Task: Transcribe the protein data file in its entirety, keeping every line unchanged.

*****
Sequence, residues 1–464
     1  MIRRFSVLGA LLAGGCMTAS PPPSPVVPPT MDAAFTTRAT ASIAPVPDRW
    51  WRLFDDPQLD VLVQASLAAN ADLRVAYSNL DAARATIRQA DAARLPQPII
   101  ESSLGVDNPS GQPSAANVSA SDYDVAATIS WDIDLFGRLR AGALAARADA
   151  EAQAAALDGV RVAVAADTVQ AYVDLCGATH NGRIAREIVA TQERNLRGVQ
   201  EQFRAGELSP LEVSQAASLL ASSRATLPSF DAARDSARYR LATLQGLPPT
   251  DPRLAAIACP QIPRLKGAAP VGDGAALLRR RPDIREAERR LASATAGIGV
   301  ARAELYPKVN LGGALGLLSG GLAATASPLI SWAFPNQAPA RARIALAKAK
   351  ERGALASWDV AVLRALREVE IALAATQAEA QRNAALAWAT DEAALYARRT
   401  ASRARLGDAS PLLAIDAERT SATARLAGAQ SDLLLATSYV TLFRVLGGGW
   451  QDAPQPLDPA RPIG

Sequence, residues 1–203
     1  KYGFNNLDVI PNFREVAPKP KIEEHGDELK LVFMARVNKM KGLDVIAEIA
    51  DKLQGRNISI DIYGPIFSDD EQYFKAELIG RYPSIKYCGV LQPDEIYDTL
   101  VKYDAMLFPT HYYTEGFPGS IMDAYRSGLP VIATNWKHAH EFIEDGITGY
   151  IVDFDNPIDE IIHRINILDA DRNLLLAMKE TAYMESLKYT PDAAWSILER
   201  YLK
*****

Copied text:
Sequence, residues 1–464
     1  MIRRFSVLGA LLAGGCMTAS PPPSPVVPPT MDAAFTTRAT ASIAPVPDRW
    51  WRLFDDPQLD VLVQASLAAN ADLRVAYSNL DAARATIRQA DAARLPQPII
   101  ESSLGVDNPS GQPSAANVSA SDYDVAATIS WDIDLFGRLR AGALAARADA
   151  EAQAAALDGV RVAVAADTVQ AYVDLCGATH NGRIAREIVA TQERNLRGVQ
   201  EQFRAGELSP LEVSQAASLL ASSRATLPSF DAARDSARYR LATLQGLPPT
   251  DPRLAAIACP QIPRLKGAAP VGDGAALLRR RPDIREAERR LASATAGIGV
   301  ARAELYPKVN LGGALGLLSG GLAATASPLI SWAFPNQAPA RARIALAKAK
   351  ERGALASWDV AVLRALREVE IALAATQAEA QRNAALAWAT DEAALYARRT
   401  ASRARLGDAS PLLAIDAERT SATARLAGAQ SDLLLATSYV TLFRVLGGGW
   451  QDAPQPLDPA RPIG

Sequence, residues 1–203
     1  KYGFNNLDVI PNFREVAPKP KIEEHGDELK LVFMARVNKM KGLDVIAEIA
    51  DKLQGRNISI DIYGPIFSDD EQYFKAELIG RYPSIKYCGV LQPDEIYDTL
   101  VKYDAMLFPT HYYTEGFPGS IMDAYRSGLP VIATNWKHAH EFIEDGITGY
   151  IVDFDNPIDE IIHRINILDA DRNLLLAMKE TAYMESLKYT PDAAWSILER
   201  YLK